This story has two strong journeys: the outer journey: Will the family make it on the farm? And the inner journey: Will Esther at long last receive her mother’s love? This makes it a simple yet layered growing-up tale.

It is a sweet story, with lots of emotion. I got teary-eyed a few times. I appreciate how the book doesn’t villainize the city or the country. I also love how there is a faith element. The family prays and goes to church. Ma and Pa also carry a lot of superstitions from the Old Country, and it’s interesting to see how that’s handled.

The reading level is low, so younger kids should be able to tackle it. The plot touches on many universal “kid dilemmas” that anyone can relate to, and it also opens a window to a distinct time in history and how people lived back then.

I got this book recommendation from this list of page-turners.

Content warnings: Nothing graphic or overly scary. However, one character has a medical emergency that requires hospitalization. One character chokes on food.

4.6
Once a Queen (Book Review)

Once a Queen (Book Review)

You’ll love it if
you, as a kid, hoped with all your heart that doors to other worlds actually existed.

This book review contains affiliate links. Here’s my disclosure policy.

Once a Queen

By Sarah Arthur

Character
Plot & Pacing
Writing Craft
Moral Value

Secret Garden meets Narnia

After hearing Sarah MacKenzie from Read-Aloud Revival (I love her) interview the author, I was ready and rearin’ to love this book, and maybe my expectations were too high. I liked it but did not love it. Now, I do love the premise: There are portals to other worlds. They exist, just like in fairy tales. All we have to do is find them. That’s a common childhood fantasy, right? But the execution felt a tad off for me.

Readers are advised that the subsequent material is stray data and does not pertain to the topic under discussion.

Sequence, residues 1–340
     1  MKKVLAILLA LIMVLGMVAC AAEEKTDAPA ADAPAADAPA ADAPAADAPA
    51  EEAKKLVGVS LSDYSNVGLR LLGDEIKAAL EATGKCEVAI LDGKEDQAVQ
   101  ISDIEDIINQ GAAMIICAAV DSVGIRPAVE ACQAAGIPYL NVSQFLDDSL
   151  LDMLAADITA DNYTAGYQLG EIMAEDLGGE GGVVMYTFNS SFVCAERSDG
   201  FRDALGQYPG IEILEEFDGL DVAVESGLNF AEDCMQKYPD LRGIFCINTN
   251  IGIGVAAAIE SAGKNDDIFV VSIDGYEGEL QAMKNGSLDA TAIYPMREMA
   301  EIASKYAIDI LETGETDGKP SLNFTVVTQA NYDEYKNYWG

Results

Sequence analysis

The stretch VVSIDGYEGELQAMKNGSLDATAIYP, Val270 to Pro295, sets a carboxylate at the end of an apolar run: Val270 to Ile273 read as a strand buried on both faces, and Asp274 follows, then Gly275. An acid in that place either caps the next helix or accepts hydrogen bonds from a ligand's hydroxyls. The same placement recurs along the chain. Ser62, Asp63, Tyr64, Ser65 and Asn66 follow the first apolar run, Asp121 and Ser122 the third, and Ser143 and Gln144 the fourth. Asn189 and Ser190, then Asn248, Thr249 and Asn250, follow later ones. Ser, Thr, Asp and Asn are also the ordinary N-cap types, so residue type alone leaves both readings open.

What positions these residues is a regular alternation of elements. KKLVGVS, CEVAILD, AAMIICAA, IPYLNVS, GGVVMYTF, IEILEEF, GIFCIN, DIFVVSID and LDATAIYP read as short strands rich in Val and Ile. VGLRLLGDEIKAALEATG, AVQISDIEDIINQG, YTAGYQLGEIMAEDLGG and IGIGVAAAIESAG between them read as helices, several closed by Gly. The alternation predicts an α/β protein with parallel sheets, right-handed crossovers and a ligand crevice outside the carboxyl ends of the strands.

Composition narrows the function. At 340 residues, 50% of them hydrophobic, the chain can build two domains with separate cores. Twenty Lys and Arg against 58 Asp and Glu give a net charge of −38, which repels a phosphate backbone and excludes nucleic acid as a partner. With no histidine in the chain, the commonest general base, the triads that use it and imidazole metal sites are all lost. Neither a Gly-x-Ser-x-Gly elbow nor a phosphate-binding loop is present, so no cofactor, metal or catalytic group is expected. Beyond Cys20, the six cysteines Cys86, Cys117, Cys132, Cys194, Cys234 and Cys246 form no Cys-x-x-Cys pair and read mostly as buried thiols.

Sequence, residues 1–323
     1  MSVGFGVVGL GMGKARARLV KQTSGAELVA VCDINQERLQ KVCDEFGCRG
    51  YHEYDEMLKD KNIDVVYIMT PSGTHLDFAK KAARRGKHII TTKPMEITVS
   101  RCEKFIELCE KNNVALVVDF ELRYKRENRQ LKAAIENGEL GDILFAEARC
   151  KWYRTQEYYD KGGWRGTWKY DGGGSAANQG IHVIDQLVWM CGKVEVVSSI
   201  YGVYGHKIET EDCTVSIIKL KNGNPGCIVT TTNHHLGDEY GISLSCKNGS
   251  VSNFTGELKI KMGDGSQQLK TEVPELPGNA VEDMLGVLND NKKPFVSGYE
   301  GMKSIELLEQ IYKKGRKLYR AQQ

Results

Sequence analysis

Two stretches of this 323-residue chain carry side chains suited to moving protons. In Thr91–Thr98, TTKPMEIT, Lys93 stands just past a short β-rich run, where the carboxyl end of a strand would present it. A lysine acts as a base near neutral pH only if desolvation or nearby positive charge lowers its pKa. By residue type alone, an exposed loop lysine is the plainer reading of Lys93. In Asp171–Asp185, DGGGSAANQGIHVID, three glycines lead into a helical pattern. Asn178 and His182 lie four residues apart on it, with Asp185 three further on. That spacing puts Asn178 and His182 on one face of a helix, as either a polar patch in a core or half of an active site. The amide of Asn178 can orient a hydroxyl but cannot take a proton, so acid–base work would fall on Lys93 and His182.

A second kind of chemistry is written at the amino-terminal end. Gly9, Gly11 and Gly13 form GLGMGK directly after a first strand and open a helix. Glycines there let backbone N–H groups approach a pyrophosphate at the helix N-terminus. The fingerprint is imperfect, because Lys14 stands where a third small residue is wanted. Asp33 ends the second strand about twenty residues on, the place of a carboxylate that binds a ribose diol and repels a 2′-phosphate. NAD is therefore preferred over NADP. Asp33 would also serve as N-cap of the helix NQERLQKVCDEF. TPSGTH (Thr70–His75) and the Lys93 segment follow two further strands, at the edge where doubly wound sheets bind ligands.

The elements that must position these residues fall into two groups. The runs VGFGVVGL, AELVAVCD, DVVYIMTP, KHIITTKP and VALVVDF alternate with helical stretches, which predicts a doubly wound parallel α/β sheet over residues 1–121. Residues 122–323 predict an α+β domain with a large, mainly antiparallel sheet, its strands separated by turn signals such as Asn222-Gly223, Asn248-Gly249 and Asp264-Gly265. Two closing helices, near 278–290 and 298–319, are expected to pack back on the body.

The protagonist is young Eva, an American who travels with her mom to visit her Grandmother in England for the first time ever. Soon, she realizes that her regal Grandmother was once a queen in fairyland.

Positives: Complex female relationships—whoooo-wheeee. Women. We can be weird. We don’t always treat each other right, and this book is packed with strong females who all seem to have fraught relationships with one another. This didn’t detract from the book at all and was one of the highlights for me.

Negatives: The writing wasn’t as immersive as I’d hoped. The pacing of the plot did drag a bit for me. I found myself wondering more than once, “Where is this going?” Eva was always finding clues and making little discoveries, but they all seemed a tad disjointed. I couldn’t see how the story was building to any sort of climax. The chapter-ending Ternival tales (fictional excerpts from a book of fairy tales) were a little hard to follow. It was a lot of new information to keep track of.

Thank you to NetGalley and WaterBrook for an ARC of this book in exchange for my honest review.

Content warnings: I wouldn’t hesitate to let any teenager read this. There’s nothing graphically scary or violent, and there is a sweet romance but it’s very much a side note until the end, and even then, there’s just a hint.

3.5
The Luminous Life of Lucy Landry (Book Review)

The Luminous Life of Lucy Landry (Book Review)

You’ll love it if
you’re craving a short middle-grade book that feels like L. M. Montgomery

This book review contains affiliate links. Here’s my disclosure policy.

The Luminous Life of Lucy Landry

By Anna Rose Johnson

Character
Plot & Pacing
Writing Craft
Moral Value

An awkward orphan girl is adopted by a big family who lives on a tiny lighthouse island

What a delightful story. Like Anna Rose Johnson’s debut, this book has that classic, vintage feel. What’s more, Lucy Landry is Anne Shirley reincarnated. She’s dreamy and inattentive, but it’s obvious that her behavior is a coping mechanism, and so, even though she makes us cringe, we FEEL for her.